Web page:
Post Traumatic Stress Disorder and Addiction

A Comprehensive Guide

Post Traumatic Stress Disorder and Addiction

A Comprehensive Guide

Table of Contents


Post traumatic stress disorder (PTSD) can happen to anyone at any age. The National Center for PTSD reports: 1

Approximately 7 to 8 of every 100 people will experience PTSD at some point in their lifetimes.

About 3.6% of Americans had PTSD in the past year.

Women are more likely to develop PTSD than men.

Other research studies report that:2

People with PTSD often also have substance use problems requiring treatment at a rehab facility.

What is Post Traumatic Stress Disorder?

PTSD is the reaction a person has to a highly stressful event. Not everyone who is exposed to a traumatic event develops post traumatic stress disorder. Approximately 50% of adult Americans will face at least one traumatic event in their lives, but most do not then get PTSD.3

People who experience post traumatic stress disorder may have recurring scary thoughts and memories of the event. It’s normal to feel scared or shocked during and after a frightening, stressful experience. These reactions are part of our natural “fight-or-flight” response to danger. Fear creates many rapid responses in our bodies so we can defend ourselves or avoid the threat.

Most people will experience a range of reactions after trauma, but most recover on their own. The symptoms fade naturally. But there are those individuals whose symptoms persist. They may be diagnosed with PTSD. People who have PTSD may feel stressed or frightened, even when they are not in danger.PTSD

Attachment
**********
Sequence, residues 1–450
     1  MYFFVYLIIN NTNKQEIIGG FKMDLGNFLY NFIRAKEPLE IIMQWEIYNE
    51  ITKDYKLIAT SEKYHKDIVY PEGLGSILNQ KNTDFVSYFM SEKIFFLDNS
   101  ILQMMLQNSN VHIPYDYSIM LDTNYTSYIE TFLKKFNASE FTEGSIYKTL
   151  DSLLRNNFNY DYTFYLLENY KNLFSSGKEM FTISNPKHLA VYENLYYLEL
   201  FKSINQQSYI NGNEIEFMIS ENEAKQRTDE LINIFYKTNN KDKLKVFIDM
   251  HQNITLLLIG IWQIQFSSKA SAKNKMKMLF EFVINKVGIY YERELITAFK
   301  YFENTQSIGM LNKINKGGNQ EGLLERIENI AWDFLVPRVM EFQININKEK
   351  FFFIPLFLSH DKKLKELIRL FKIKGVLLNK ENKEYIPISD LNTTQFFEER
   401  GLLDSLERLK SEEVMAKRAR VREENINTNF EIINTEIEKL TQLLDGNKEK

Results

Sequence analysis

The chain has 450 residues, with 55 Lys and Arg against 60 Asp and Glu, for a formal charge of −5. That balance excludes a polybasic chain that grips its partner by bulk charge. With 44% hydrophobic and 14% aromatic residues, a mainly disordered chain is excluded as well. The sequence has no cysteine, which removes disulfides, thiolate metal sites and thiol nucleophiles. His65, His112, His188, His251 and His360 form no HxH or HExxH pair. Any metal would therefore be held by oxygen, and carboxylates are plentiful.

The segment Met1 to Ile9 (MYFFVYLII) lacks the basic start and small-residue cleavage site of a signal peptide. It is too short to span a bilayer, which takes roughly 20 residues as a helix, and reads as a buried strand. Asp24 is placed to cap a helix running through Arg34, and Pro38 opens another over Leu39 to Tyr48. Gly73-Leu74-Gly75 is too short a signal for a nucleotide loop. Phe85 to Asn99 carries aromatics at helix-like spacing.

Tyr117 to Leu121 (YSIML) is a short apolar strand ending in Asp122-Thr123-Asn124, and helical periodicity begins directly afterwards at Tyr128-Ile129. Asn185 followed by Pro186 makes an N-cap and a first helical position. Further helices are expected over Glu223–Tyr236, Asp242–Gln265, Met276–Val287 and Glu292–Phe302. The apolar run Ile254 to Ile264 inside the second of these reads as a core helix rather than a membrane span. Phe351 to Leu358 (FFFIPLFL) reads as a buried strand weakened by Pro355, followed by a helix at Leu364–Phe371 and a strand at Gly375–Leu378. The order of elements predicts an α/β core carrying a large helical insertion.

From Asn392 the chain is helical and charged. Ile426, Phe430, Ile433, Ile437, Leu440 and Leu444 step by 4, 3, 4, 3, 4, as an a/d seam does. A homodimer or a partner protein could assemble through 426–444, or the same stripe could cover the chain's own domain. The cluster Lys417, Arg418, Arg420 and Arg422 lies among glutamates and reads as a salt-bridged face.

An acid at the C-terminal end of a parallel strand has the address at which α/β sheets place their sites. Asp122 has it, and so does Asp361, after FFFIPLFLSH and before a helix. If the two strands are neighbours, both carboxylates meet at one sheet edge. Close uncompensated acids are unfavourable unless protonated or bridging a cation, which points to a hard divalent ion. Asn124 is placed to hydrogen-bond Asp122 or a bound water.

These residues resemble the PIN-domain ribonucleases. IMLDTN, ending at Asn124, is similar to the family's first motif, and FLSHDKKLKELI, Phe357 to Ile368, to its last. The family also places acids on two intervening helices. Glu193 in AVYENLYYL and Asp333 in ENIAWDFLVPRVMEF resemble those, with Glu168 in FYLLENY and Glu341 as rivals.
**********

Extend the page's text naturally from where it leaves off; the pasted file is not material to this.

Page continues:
PTSD Risk and Resilience Factors

Risk factors for PTSD stress disorder include:

Surviving frightening and dangerous traumas 

Getting injured 

Seeing people get injured or die 

Childhood trauma 

Feeling helplessness, horror, or extreme fear

Little or no social support after the event 

Added stress after the trauma (pain, injuries, losing a loved one, job loss, losing a home)

A history of mental health illness or substance misuse/abuse

Post Traumatic Stress Disorder Resilience Factors

Resilience factors for PTSD include:

Reaching out for help and support from friends and family

Going to support group meetings after the trauma

Learning how to feel good about one's actions during the traumatic event

Developing ways of dealing with the traumatic event

Learning from the trauma

Being able to act and respond in positive ways despite experiencing trauma-related fear

Common Causes of PTSD

Generally, events that cause post traumatic stress disorder include, but are not limited to:


Violent personal assaults

Natural or human-caused disasters

Other types of violence

Combat and PTSD

War is a highly stressful and dangerous experience. The stress of trying to survive mortal danger creates tremendous pressure. The shock and horror of the injuries and death war causes can stick with a person long after the war ends.

In the past, PTSD in war veterans was called shell-shock or battle fatigue. After the Vietnam war, “post-Vietnam syndrome” was the term used. It’s estimated that about 700,000 Vietnam veterans (about 25%) have needed help for problems related to combat exposure.4